Education in Election 2012: An Overview

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This post is part of this week’s “Education in Election 2012” series, exploring the differences between the parties and presidential candidates on education policy.

President Obama and Governor Romney recognize the special emphasis many voters place on education. Parents seek a hopeful future that is abound with opportunities for their kids, not to mention the last presidential election was one of the highest turnout elections for young people in American history.

Obama and Romney each have a special section on their websites about education and have spoken extensively about K-12 and higher education on the campaign trail. In addition, each of the candidates’ party platforms outlines the policies they believe would improve America’s classrooms.

Here’s a quick overview of where the candidates stand on education–in their own words:

Barack Obama:

President Obama’s plan for winning the future begins with education: strengthen public schools in every community, prevent teacher layoffs, expand Race to the Top, and flexibility for states to craft local solutions.

The President wants the United States to have the highest proportion of college graduates in the world by 2020.

Through student loan reform, tax credits, and spurring states to strengthen K-12 programs, the President is taking us forward.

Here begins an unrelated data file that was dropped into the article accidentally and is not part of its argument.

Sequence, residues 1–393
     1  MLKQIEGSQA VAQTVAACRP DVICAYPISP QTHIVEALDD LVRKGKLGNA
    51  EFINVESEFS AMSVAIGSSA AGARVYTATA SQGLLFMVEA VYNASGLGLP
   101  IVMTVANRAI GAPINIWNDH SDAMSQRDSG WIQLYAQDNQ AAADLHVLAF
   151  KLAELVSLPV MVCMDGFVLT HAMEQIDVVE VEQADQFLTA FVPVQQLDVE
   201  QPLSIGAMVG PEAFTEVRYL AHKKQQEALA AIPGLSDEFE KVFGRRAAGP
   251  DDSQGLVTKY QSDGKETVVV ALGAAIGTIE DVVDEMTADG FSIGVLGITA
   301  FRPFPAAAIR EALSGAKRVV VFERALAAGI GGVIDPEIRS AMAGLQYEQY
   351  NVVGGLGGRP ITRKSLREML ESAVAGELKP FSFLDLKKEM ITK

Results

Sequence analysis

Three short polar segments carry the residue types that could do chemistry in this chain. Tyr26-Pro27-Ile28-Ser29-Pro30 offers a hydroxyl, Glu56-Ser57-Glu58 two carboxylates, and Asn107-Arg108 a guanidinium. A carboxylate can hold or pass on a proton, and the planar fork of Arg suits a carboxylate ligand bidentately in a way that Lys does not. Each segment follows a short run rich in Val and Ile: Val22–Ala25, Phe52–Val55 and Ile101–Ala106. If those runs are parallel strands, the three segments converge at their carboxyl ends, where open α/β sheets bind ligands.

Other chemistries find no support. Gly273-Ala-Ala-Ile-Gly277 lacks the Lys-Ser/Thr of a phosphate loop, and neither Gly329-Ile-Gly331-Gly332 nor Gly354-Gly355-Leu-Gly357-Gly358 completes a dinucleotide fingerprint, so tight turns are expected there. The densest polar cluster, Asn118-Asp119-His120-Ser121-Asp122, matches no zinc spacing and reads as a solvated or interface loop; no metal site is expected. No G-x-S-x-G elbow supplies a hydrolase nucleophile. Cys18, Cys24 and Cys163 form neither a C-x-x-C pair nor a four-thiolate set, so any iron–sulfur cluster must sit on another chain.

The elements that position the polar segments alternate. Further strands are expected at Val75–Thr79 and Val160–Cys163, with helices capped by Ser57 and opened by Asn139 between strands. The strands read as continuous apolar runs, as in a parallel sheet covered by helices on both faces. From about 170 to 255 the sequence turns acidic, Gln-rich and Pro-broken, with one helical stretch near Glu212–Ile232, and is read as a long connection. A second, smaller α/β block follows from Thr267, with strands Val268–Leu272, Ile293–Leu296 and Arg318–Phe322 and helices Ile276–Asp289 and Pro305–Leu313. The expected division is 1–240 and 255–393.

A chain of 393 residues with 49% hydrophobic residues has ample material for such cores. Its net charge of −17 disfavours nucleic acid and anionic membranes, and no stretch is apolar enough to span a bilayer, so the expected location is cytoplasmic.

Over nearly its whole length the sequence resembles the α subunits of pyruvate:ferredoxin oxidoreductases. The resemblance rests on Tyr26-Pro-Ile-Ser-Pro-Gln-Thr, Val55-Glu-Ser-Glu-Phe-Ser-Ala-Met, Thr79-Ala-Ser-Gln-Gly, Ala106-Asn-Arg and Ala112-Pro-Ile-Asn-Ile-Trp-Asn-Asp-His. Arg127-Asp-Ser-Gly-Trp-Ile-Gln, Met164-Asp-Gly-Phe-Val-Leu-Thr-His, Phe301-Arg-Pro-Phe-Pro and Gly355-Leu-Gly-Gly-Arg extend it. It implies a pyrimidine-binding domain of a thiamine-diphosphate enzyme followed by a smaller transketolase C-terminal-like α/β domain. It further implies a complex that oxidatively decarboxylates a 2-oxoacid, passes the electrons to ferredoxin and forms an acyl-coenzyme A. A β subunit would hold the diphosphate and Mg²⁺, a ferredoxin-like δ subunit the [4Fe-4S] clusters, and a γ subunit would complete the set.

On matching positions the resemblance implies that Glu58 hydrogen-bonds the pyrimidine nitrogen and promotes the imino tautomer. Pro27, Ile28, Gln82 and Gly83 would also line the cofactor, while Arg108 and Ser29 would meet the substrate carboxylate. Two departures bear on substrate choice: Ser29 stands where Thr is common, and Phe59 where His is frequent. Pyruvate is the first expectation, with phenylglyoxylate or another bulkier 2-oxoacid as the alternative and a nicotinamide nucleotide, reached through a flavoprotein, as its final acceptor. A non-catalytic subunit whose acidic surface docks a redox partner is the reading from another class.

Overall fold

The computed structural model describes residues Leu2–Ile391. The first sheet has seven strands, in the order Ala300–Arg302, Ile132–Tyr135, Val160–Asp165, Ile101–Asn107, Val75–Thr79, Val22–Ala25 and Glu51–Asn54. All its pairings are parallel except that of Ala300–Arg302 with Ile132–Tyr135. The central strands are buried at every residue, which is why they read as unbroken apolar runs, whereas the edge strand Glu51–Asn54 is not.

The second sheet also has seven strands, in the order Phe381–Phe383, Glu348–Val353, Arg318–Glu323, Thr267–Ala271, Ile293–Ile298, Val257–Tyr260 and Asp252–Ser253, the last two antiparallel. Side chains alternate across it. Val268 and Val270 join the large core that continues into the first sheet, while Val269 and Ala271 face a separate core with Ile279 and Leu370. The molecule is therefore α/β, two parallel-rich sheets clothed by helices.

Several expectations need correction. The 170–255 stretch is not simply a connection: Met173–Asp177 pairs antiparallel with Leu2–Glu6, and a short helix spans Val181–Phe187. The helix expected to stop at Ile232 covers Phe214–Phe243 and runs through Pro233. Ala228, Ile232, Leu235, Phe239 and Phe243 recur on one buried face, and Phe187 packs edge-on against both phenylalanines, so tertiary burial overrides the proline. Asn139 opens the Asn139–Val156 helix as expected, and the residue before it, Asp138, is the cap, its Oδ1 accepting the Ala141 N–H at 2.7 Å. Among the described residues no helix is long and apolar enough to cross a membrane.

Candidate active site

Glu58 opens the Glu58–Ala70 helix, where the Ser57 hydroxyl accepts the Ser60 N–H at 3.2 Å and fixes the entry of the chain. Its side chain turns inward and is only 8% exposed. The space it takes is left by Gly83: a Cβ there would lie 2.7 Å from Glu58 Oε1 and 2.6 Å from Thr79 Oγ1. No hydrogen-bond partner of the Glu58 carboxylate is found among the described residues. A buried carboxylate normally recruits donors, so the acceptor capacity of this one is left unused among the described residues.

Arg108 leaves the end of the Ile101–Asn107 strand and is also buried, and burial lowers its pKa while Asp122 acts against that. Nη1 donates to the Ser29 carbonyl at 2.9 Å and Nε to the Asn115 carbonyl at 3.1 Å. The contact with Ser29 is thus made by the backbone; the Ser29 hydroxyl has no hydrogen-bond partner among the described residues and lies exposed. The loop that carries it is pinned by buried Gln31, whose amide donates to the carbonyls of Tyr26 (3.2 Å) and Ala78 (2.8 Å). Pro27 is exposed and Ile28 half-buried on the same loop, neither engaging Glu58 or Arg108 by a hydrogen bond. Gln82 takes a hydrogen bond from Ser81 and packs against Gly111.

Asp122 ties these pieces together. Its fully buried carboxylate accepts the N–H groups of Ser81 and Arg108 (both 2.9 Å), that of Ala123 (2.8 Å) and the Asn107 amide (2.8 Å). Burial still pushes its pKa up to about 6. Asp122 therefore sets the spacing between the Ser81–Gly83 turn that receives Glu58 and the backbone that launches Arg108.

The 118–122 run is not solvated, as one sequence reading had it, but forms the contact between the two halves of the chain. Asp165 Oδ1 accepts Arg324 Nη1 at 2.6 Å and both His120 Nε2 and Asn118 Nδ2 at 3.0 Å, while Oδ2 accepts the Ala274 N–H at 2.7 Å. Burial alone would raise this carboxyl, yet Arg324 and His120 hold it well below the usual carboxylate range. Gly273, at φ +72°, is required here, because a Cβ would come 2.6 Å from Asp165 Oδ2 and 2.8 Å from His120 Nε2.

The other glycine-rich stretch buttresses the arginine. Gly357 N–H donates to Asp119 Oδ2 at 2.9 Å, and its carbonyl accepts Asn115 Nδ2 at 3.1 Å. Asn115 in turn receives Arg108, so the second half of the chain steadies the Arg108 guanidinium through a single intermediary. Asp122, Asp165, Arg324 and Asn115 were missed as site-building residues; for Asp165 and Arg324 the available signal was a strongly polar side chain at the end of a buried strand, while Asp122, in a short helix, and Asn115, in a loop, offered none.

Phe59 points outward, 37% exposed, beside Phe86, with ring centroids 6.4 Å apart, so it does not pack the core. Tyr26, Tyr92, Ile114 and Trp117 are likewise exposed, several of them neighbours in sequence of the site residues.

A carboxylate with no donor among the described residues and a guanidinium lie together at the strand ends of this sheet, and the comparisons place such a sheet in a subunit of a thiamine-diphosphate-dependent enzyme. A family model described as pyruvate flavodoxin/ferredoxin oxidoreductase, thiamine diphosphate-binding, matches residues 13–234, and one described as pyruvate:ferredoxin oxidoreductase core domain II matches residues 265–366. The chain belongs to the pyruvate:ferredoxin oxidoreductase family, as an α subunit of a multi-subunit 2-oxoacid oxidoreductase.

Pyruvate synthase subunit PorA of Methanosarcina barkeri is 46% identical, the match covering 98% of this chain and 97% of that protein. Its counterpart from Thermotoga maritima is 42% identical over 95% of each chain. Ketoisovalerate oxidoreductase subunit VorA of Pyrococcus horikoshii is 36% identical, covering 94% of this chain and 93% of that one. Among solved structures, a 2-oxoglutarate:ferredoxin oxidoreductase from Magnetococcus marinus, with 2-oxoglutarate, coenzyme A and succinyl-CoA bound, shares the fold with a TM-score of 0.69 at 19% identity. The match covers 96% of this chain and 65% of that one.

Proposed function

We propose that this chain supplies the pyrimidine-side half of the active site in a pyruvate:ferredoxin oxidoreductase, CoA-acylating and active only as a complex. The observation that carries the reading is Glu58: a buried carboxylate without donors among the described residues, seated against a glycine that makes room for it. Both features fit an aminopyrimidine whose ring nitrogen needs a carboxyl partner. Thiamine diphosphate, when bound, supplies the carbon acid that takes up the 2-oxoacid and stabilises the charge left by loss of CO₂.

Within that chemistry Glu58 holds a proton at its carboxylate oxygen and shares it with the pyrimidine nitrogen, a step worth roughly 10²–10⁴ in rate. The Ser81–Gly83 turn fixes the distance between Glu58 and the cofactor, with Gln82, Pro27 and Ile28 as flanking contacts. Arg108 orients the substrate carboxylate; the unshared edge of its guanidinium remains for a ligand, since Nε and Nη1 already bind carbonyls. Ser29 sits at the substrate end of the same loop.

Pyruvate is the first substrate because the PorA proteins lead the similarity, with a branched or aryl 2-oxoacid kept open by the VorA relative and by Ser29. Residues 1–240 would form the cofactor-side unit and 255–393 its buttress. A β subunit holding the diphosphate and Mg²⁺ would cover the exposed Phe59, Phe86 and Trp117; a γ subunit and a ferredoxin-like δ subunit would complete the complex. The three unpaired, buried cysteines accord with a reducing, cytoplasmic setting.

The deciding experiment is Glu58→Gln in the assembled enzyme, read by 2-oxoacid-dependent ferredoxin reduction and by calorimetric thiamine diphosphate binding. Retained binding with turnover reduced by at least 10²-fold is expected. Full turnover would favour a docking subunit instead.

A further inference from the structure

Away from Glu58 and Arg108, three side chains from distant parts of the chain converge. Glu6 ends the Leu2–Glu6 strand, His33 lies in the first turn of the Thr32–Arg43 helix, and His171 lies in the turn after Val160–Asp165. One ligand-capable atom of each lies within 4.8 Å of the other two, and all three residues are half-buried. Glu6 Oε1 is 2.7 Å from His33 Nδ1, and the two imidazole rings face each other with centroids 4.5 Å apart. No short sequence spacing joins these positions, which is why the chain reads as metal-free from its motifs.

Mitt Romney:

As president, Mitt Romney will pursue genuine education reform that puts the interests of parents and students ahead of special interests and provides a chance for every child.

He will take the unprecedented step of tying federal funds directly to dramatic reforms that expand parental choice, invest in innovation, and reward teachers for their results instead of their tenure.

These policies will equip state leaders to achieve the change that can only come from commitment and action at the local level.

He will also ensure that students have diverse and affordable options for higher education to give them the skills they need to succeed after graduation and that, when they graduate, they can find jobs that provide a rewarding return on their educational investment.

If you’d like to take a more comprehensive look at the candidates’ and parties’ platforms, you can find additional information below:

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Please check back tomorrow for a comprehensive post comparing the candidates’ and parties’ positions on serving students with disabilities.

  • Wednesday: Serving Students with Disabilities
  • Thursday: Higher Education
  • Friday: K-12 Education

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